John Heidemann

T-DNS: Connection-Oriented DNS to Improve Privacy and Security (poster abstract)

TitleT-DNS: Connection-Oriented DNS to Improve Privacy and Security (poster abstract)
Publication TypeMiscellaneous
Year of Publication2014
AuthorsL. Zhu, Z. Hu, J. Heidemann, A. Mankin, and D. Wessels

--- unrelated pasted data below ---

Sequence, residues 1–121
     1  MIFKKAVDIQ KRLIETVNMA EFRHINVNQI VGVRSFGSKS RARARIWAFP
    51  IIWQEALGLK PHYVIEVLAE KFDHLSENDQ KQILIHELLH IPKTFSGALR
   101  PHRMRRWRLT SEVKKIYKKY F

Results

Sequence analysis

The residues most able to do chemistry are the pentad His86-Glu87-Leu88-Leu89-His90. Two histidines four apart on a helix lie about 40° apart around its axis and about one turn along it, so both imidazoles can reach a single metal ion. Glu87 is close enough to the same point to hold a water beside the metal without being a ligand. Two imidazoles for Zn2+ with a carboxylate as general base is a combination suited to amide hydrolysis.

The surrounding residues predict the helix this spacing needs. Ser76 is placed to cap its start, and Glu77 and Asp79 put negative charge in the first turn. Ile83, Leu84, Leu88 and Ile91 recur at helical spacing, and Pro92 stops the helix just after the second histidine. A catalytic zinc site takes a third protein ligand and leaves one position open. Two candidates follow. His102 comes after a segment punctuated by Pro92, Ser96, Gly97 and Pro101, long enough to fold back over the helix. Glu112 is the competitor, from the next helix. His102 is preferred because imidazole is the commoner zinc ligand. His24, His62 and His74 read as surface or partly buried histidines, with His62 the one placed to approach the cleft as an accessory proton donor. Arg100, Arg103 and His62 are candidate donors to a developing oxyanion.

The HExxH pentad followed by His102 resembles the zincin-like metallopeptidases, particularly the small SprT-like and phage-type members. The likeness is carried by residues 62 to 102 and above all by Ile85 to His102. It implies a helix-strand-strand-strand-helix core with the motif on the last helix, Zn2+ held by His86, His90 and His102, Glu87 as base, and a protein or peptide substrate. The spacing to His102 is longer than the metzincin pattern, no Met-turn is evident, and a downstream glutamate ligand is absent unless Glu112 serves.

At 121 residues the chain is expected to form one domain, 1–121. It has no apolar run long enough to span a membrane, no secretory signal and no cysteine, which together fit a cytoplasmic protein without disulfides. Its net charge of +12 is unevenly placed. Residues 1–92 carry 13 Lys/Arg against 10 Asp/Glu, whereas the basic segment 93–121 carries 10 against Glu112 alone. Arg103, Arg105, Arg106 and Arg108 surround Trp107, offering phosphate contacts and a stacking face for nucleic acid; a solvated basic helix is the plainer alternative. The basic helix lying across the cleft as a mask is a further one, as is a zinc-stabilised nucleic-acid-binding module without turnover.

DNS is the canonical protocol for connectionless UDP. Yet DNS today is challenged by eavesdropping that compromises privacy, source-address spoofing that results in denial-of-service (DoS) attacks on the server and third parties, injection attacks that exploit fragmentation, and size limitations that constrain policy and operational choices. We propose T-DNS to address these problems. It uses TCP to smoothly support large payloads and to mitigate spoofing and amplification for DoS. T-DNS uses transport-layer security (TLS) to provide privacy from users to their DNS resolvers and optionally to authoritative servers. Our model shows end-to-end latency from TLS to the recursive resolver is only about 9% slower when UDP is used to the authoritative server, and 22% slower with TCP to the authoritative. With diverse traces we show that frequent connection reuse is possible (60-95% for stub and recursive resolvers, although half that for authoritative servers). Our experiment shows that after connection establishment, TCP and TLS latency is equivalent to UDP. With conservative timeouts (20 s at authoritative servers and 60 s elsewhere) and conservative estimates of connection state memory requirements, we show that server memory requirements well within current, commodity server hardware. We identify the key design and implementation decisions needed to minimize overhead: query pipelining, out-of-order responses, TLS connection resumption, and plausible timeouts. This poster abstract summarizes work we describe in detail in ISI-TR-2014-693.